CPA offers tax tips for farmers, ranchers


By Jessica Domel

It’s time to pull out the receipt box, find the files on your computer and do whatever it takes to prepare your farm or ranch for what may be the least anticipated season of the year—tax season.

While tax deductions and income vary by situation, there are several things most farmers and ranchers should consider this time of year.

“Crop insurance proceeds will need to be reported, but they can elect to defer that to the following year if they feel like their tax rate might be lower next year,” Certified Public Accountant Kraig Fields, a shareholder at Jaynes, Reitmeier, Boyd and Therrell, P.C. in Waco, said. “Under the new law, that is quite possible. They may be in a lower tax bracket in the coming years. So, they may want to make that election to defer the proceeds to next year for reporting.”

Section 179 expensing is still available for this year. That’s a limited write-off in the first year of equipment purchases, livestock purchases and new fencing.

“They will still have the ability to take the fuel tax credit on the excise tax paid on diesel if used in the farming operation. Red-dyed diesel will not qualify,” Fields said. “They will still have to break down their sales between the items that were bought for re-sell and sold, stocker program if you will. It’s reported differently than raised livestock that is sold. Breeding stock is broken down separately and reported on a different form. It’s on Form 4797.”

Some Texans may be eligible to defer the tax on livestock sold due to weather-related events until next year.

As a CPA, Fields said he doesn’t need to see every gas station receipt, but it is important that farmers and ranchers have the paperwork ready when working with a tax professional or preparing his/her own taxes.

“On the crop insurance stuff, they’ll get a form issued on the proceeds they received,” Fields said. “As they’re gathering their information, they’ll want to summarize their expenses by category: feed, repairs and maintenance, fuel expense, insurance expense, etc. They’ll want to keep that separate and apart from any of the equipment purchases that they had and/or trade-ins. They’ll need the paperwork from the purchaser if they traded in an old tractor for a new tractor, etc.”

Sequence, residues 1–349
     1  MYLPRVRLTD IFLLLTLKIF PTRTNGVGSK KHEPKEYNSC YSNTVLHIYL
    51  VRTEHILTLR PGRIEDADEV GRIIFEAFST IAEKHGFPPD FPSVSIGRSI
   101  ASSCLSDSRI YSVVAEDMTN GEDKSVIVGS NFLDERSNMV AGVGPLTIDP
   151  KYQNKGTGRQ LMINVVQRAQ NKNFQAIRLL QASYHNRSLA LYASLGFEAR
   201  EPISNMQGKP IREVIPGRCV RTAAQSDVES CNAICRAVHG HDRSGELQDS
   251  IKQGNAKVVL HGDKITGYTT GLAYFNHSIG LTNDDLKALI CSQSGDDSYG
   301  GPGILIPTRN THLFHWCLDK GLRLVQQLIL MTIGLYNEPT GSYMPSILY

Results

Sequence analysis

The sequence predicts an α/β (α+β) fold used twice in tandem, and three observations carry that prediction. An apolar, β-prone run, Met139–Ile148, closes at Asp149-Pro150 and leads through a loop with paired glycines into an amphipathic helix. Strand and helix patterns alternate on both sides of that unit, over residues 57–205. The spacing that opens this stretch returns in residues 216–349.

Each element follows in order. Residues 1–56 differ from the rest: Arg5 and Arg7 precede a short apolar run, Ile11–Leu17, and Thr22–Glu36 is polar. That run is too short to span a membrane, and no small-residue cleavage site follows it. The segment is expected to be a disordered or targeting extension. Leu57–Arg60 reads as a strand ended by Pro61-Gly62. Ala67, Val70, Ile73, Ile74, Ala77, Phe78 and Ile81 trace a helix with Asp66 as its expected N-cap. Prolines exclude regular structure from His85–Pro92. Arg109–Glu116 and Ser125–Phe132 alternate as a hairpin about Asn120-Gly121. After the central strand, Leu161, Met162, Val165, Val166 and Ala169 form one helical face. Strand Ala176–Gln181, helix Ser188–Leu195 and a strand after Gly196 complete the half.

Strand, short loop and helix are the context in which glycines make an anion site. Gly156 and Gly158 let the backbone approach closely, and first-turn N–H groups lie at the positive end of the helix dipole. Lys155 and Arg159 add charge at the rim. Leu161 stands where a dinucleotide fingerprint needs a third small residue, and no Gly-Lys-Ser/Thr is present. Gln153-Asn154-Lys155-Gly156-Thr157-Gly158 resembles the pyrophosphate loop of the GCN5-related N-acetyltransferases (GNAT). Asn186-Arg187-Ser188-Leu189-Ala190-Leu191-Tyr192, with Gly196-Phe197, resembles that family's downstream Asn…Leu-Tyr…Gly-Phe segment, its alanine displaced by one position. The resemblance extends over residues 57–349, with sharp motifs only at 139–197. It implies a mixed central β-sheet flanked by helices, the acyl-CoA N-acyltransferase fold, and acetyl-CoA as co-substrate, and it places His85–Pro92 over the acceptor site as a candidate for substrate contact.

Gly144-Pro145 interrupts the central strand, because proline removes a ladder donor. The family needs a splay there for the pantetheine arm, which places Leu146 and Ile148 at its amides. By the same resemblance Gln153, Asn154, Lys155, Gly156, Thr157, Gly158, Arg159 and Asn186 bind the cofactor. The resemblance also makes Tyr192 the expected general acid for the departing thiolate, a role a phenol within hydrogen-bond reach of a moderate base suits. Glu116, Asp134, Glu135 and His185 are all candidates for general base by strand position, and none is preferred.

If a vehicle is used exclusively for ranching, expenses associated with it can be saved in a repairs and maintenance category for the farm. If a vehicle is used for work and personal business, the expenses will need to be kept separately to determine the appropriate business-use percentage of expenses.

If filing for an extension, the extra time is granted to get paperwork together and file, not on the payment.
“If you’re not at least 90 percent paid in as of April 15, even though you extend the return, there could be a late payment and all the interest it runs on the balance still due when you file your return,” he said.

Fields said some may choose to do their own taxes, while others may end up needing a professional tax preparation service.

“If all they have is a W-2, are renting their home and will typically not itemize, those certainly probably could prepare their own returns and do it online,” Fields said. “You just want to make sure that they’re picking up all their dependency exemptions that they’re qualified for and getting the credits that might come along with those children that are under the age of 17.”

The Internal Revenue Service is currently accepting tax returns. This year’s tax deadline is April 17.

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